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Pueblo Mountain Park

Admission Fee

Free to the Public


  1. Gazebos / Shelters
  2. Horseshoes
  3. Meeting Rooms
  4. Parking
  5. Pavilion
  6. Picnic Areas
  7. Trail access
  8. Water
Brass plaque commemorating Americas First Recreational Planning Development in a National Forest San Isabel and Pueblo Mountain Park img FULL TEXT INCLUDED BELOW Click to enlarge img


In 1918, the Pueblo Commerce Club asked San Isabel National Forest Supervisor, Al G. Hamel, to install camping and picnic facilities on Forest lands west of Pueblo. Hamel recognized the need but did not have the funds for such a project, so the Club and the City of Pueblo shared costs and developed the first facilities in Squirrel Creek Canyon near Buelah. Arthur H. Carthart, the first landscape architect hired by the Forest Service, became "Recreational Engineer" for San Isabel Forest in 1919. Through the efforts of the Commerce Club, Carhart and Hamel, the non-profit San Isabel Public Recreation Association (SIPRA) was formed in 1919. This was the first time private citizens had banded together to foster and fund recreational development of a National Forest.

The City of Pueblo further committed to mountain playgrounds in 1919 by purchasing 600 acres adjoining the San Isabel Forest near Beulah, to be known as Pueblo Mountain Park. The City continued to support Squirrel Creek and built a lodge there known as the Pueblo Municipal Building. In 1919 Carhart wrote two plans for recreation and development in the Wet Mountains. His narrative, "Big Regional Plan," provided the broad concepts and policies required to produce a magnificent recreation area in the San Isabel. His action plan was site-specific and included roads, viewing areas, trails, campgrounds, private residences, commercial developments and organized group camps. It guided the efforts of SIPRA through 1937 and influenced the development of Pueblo Mountain Park.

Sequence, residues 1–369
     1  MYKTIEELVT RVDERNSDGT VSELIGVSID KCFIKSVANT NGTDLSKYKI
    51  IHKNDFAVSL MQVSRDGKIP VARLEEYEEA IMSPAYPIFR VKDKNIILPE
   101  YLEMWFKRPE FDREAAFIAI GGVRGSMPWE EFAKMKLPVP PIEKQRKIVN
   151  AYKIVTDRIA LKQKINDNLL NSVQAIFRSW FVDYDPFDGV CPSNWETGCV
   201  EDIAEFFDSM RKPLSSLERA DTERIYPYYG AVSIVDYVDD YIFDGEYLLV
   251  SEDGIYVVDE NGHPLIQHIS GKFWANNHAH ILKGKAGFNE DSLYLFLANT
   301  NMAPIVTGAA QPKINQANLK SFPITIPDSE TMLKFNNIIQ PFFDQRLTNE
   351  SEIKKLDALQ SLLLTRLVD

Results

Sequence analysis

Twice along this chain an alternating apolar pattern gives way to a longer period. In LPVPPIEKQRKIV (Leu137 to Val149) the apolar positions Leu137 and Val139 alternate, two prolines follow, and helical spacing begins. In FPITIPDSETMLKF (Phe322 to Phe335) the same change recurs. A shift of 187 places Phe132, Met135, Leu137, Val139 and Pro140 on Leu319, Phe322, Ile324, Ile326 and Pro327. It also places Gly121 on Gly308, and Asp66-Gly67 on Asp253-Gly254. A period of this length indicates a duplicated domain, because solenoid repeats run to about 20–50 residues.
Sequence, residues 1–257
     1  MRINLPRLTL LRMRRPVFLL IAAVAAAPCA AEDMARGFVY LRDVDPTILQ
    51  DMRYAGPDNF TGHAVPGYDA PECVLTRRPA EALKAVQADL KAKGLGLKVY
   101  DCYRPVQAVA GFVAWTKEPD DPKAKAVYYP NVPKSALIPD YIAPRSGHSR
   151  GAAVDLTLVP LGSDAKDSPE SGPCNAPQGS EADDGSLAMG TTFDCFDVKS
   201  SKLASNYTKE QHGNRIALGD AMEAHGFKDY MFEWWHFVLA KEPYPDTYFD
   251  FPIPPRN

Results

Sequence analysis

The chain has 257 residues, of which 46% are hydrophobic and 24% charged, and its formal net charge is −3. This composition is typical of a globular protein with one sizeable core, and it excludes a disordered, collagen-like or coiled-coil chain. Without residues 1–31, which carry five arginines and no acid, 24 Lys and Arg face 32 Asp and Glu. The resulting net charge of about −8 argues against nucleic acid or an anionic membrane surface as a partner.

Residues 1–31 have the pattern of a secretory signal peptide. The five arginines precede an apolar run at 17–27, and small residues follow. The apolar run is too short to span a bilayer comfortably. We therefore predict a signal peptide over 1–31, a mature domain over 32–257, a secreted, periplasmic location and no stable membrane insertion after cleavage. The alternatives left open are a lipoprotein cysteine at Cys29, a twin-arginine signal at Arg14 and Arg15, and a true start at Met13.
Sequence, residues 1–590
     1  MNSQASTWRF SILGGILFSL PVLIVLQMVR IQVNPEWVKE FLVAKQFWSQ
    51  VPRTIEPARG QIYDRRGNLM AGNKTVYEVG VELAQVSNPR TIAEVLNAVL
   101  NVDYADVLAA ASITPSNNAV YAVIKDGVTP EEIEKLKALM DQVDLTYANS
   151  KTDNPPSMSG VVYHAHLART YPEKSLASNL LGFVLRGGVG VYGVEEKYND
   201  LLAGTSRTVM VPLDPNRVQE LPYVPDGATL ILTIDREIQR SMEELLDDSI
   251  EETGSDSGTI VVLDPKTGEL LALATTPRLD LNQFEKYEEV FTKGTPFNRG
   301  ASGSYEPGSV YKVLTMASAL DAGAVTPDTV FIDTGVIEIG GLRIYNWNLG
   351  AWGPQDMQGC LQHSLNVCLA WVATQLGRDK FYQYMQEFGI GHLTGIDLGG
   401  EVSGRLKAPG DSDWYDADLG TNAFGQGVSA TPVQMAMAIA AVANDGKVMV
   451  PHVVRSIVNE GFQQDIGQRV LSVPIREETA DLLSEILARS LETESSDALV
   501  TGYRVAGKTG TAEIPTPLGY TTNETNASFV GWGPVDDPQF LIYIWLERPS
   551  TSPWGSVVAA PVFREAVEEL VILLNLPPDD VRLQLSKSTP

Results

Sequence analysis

SIPRA projects included recreations facilities and roads throughout the Spanish Peaks, Sangre de Cristos, and Wet Mountains. The road work was completed by County, State and Forest Service crews and most eventually became State and County highways.

In 1920, Frank K. Culley, then head of the Landscape Design at Iowa State College, was hired to design and supervise construction of campgrounds on Squirrel Creek, North Creek and South Hardscrabble Creek-possibly the first designed and built by a landscape architect on the National Forests. Also built in 1920, the Cascade Trail may have been the first trail on the National Forest designed primarily for esthetic recreational hiking. 

Pueblo was devastated by a flood in June 1921 and City funding priorities shifted. SIPRA, however, continued with its projects including a caretaker's house and improvements to Pueblo Mountain Park. The Depression years slowed or stopped projects in the San Isabel until 1933 when Franklin D. Roosevelt's Civilian Conservation Corps (CCC) gave new life to recreational development.

The first CCC camp in Colorado was established on South Hardscrabble Creek in April 1933. The South Creek (Mountain Park) CCC camp became operational on this site in November 1935 and contributed the major part of the Park's development. After the CCC camp was removed, the Works Progress Administration (WPA) crews completed the Horseshoe Lodge, pavilion, other structures and stonework throughout the park.

Additional improvements have been done by City Parks Department crews throughout the years and Pueblo Mountain Park now contains all the components of Carhart's plan for an outdoor playground. The park, with its classic Depression Era structures, was nominated for the National List of Historic Places in 1933.

The final SIPRA project was the purchase of land for construction of Lake Isabel Dam and Reservoir. This project was completed by a CCC Camp that was established at Lake Isabel in May 1937.

Ray H. Talbot was a City Commissioner from 1929 until 1946. During those years his leadership and political skills provided more permanent physical improvements of City, County and State owned facilities within the Pueblo area, than any elected official before or since.

Special appreciation must be expressed for the men and women that worked to provide, construct and maintain Pueblo Mountain Park during the past 75 years; for the vision of Ray H. Talbot; and for years of dedication and effort by George  L. Williaras, who came to the Mountain Park in 1933 and was responsible for it until retiring in 1973 as Pueblo's first Director of Parks and Recreation.

Provided by the Pueblo County Historical Society and the State Historical Fund